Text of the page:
It’s no secret that California has been leading the nation in setting policy that will reward businesses that innovate and make smart investments in the clean economy. And the rewards have already begun to roll-in for California.
Last year, venture capitalists made more than half of their clean technology investments in California – a total of about $3.7 Billion flowing into the state. And as EDF’s own report has shown, California’s clean economy is growing faster and has proved more resilient during economic downturns than other sectors of the economy.
But no good deed can go unpunished. Yesterday the California Chamber of Commerce filed a lawsuit seeking to invalidate California’s cap-and-trade auction, demonstrating that they would rather litigate than innovate.
This lawsuit comes on the eve of California’s first auction of carbon allowances that precedes the beginning of program enforcement in January 2013. Cap-and-trade is a key tool in California’s effort to reduce its greenhouse gas emissions to 1990 levels by 2020 – an effort supported by more than 60 percent of the California electorate when citizens overturned out-of-state oil companies’ ploy to delay the program in 2010 and by the current California Legislature.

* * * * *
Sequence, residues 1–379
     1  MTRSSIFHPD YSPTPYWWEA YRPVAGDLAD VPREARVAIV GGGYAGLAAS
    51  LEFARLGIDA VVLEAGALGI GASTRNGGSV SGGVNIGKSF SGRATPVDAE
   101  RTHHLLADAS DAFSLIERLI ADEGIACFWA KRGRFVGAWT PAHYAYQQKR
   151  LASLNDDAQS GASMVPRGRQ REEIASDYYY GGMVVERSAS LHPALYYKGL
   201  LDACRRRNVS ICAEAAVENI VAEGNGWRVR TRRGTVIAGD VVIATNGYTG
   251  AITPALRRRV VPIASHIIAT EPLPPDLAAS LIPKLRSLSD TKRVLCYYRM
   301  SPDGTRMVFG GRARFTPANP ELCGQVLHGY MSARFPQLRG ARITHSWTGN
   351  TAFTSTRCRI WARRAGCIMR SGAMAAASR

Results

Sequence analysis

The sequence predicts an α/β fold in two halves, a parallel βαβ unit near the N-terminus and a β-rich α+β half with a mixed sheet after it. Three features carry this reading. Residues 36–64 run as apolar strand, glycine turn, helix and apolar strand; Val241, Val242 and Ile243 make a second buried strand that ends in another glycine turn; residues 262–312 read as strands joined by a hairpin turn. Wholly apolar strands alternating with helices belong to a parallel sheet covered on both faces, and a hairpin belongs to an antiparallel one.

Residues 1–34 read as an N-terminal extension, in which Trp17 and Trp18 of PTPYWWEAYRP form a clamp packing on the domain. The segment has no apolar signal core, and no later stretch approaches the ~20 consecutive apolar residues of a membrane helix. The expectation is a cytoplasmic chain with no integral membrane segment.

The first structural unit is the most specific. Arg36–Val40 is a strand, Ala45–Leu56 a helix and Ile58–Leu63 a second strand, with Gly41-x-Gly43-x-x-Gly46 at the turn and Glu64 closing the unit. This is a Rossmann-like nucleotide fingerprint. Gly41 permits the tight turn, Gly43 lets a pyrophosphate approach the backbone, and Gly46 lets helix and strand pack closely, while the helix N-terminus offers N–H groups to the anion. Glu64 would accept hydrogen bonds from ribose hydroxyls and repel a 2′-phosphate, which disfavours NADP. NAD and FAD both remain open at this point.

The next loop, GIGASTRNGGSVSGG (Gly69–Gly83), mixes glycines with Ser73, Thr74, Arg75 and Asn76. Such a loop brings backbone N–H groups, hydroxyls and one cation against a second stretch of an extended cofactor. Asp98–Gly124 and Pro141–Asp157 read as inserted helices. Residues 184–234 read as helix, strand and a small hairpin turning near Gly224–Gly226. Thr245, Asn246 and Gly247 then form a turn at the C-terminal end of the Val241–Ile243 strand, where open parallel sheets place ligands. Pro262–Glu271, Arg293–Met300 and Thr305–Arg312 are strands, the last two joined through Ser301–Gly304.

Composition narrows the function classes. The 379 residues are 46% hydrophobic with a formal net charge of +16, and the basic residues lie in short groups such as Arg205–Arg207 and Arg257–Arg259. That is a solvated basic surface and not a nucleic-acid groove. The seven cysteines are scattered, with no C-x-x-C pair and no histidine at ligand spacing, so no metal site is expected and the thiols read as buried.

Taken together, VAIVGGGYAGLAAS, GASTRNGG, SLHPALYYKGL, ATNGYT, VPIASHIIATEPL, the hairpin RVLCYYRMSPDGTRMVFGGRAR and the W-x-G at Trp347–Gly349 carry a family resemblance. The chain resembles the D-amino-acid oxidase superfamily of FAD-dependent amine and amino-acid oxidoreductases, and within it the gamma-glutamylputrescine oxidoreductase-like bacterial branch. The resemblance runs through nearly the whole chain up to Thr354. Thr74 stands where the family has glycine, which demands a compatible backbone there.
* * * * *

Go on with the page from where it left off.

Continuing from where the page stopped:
But even with that resounding defeat, polluters persist in their attempts to delay or weaken implementation of California’s landmark clean energy law. Meanwhile, they continue to reap billion dollar profits while contaminating our air.
The fact that this lawsuit came on the eve of California’s first auction is no coincidence, it’s just one more underhanded attack strategy. The lawsuit comes far too late to delay this first auction, but is timed perfectly to insert pollutes’ spurious sound bites into the momentous news of California’s first auction and inject uncertainty into a nascent market. We can expect that detractors will continue to use this strategy to cast a cloud over the bright spot of California’s climate action as CARB releases auction results on November 19 and as enforcement begins in January.
The good news is that the Chamber’s arguments are unlikely to succeed. According to law experts from the Emmett Center on Climate Change and the Environment at the UCLA School of Law, the cap-and-trade program will most likely go forward without significant tinkering by the courts.
Now that Californians are really starting to see the state’s cutting edge environmental policies bear fruit, we know that it’s no time to move backwards. The future has already begun.